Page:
• Depends on the context. You are still legally obliged to pay council tax in my city even if you have no income or savings.

  11. Julie near Chicago

    Good point, Paul. Although now you given me a very nice semantic problem at which to nibble.

    For if you face domination by someone else unless you submit to the demands of the extortioner, you’re in the position where EITHER way you’re subject to the demands of the extortioner, i.e. you’ve lost your autonomy (right of self-determination) to the extent of the demands of the extortioner.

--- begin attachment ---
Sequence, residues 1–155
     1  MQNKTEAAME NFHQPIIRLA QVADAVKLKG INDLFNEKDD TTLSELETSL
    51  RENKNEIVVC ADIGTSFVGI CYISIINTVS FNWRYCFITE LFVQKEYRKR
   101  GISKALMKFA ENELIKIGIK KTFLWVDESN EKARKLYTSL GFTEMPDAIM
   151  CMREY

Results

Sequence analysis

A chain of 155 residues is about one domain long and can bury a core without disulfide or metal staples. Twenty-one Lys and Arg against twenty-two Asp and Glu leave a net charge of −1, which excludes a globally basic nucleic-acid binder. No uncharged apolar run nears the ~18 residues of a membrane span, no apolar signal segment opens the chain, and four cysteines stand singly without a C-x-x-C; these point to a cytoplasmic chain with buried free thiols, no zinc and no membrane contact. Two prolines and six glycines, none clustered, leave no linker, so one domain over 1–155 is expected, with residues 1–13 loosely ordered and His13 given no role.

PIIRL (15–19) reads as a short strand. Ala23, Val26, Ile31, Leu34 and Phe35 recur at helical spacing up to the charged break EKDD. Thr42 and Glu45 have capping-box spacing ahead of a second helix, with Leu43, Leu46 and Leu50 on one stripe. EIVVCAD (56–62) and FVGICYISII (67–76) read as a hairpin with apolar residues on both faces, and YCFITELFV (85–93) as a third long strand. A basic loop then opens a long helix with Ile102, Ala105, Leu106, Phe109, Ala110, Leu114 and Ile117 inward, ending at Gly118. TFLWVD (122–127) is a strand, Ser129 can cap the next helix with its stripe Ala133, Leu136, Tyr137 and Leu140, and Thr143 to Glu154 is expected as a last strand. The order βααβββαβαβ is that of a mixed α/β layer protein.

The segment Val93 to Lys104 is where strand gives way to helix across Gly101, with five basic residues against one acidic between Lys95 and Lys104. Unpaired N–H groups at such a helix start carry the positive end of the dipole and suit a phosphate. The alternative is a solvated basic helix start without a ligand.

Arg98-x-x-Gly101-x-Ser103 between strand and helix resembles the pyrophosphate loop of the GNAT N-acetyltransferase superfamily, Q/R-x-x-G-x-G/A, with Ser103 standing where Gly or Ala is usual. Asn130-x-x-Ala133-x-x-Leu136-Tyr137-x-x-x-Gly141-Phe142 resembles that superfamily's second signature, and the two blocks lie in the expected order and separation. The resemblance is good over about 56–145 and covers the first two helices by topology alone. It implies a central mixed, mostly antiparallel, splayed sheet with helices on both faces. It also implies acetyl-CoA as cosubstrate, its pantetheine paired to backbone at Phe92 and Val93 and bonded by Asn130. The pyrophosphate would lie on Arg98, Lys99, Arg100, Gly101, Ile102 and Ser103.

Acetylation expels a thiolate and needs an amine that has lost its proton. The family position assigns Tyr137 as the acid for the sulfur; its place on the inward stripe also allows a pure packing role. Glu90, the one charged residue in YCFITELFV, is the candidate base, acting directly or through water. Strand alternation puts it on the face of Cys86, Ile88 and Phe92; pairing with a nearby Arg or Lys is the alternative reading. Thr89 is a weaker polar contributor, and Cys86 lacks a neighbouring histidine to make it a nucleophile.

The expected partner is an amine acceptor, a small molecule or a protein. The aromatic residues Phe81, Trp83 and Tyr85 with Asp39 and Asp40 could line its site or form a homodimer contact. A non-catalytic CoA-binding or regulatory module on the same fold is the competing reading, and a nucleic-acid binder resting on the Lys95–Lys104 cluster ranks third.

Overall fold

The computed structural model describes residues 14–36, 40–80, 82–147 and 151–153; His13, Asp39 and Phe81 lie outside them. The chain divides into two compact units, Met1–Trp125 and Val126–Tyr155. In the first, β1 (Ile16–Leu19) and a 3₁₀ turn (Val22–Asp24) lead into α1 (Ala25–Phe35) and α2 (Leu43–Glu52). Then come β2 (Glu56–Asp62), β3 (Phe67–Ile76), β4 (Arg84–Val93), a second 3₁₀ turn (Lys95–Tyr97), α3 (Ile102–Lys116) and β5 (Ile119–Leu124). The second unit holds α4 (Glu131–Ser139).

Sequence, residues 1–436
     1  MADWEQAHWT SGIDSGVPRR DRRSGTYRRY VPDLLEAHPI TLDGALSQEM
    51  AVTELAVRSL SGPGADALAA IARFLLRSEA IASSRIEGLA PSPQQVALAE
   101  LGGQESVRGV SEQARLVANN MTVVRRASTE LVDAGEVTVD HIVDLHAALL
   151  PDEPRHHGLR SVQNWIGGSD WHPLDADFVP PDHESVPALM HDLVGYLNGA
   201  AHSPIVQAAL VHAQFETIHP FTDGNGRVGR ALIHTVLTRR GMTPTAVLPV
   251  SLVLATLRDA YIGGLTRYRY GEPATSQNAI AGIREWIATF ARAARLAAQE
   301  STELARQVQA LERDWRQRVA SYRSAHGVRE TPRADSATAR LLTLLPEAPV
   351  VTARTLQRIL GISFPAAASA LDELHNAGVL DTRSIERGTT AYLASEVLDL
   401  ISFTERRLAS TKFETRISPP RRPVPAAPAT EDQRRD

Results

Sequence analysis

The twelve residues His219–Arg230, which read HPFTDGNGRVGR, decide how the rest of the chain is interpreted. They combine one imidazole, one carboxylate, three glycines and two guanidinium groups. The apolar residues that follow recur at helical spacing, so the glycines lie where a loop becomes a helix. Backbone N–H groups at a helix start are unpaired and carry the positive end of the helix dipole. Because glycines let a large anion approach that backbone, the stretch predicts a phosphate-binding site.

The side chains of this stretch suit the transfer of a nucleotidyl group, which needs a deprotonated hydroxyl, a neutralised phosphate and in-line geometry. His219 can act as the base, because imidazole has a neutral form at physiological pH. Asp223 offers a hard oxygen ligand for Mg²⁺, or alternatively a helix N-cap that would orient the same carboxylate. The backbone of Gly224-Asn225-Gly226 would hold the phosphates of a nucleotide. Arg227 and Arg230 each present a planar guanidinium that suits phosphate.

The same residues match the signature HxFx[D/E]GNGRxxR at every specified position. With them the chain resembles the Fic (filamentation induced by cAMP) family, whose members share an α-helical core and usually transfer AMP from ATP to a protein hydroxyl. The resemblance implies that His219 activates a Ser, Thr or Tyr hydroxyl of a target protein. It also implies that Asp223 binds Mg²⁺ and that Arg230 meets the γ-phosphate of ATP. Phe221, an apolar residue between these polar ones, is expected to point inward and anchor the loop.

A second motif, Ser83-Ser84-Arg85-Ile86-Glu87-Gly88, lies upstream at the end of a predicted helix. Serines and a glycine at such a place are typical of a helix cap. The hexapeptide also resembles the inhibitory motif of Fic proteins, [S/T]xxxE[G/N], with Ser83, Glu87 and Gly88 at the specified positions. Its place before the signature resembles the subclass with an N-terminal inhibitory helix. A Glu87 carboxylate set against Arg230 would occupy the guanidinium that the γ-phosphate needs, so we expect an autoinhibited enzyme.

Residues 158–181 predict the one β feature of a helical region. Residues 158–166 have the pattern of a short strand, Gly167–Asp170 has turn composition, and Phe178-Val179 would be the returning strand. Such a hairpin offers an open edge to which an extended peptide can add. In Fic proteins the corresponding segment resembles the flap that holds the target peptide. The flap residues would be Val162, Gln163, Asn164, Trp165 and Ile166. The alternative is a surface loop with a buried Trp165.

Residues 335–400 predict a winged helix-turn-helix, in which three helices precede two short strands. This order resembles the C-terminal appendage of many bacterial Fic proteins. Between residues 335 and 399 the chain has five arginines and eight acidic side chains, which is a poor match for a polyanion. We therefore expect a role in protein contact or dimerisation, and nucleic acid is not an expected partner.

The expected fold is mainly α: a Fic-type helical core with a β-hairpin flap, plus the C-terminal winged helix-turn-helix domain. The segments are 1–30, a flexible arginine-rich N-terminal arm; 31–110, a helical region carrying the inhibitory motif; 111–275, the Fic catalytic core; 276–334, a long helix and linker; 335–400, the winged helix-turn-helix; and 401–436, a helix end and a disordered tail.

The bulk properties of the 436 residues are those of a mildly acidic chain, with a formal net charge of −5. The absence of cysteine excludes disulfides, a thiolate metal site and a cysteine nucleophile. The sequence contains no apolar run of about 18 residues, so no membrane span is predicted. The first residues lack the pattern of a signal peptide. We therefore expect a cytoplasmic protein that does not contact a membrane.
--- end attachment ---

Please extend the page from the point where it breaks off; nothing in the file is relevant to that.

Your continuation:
So I’d say that certainly extortion is not slavery, any more than (say) kidnapping is slavery. The words refer to different concepts. But the fact is that extortion puts one in the position of being enslaved if one gives in to the demands. If and while one is resisting the demands, one is in the position of refusing to submit to slavery as such.

    Here endeth the analysis for now. Thousands cheer!

    Thanks, Paul.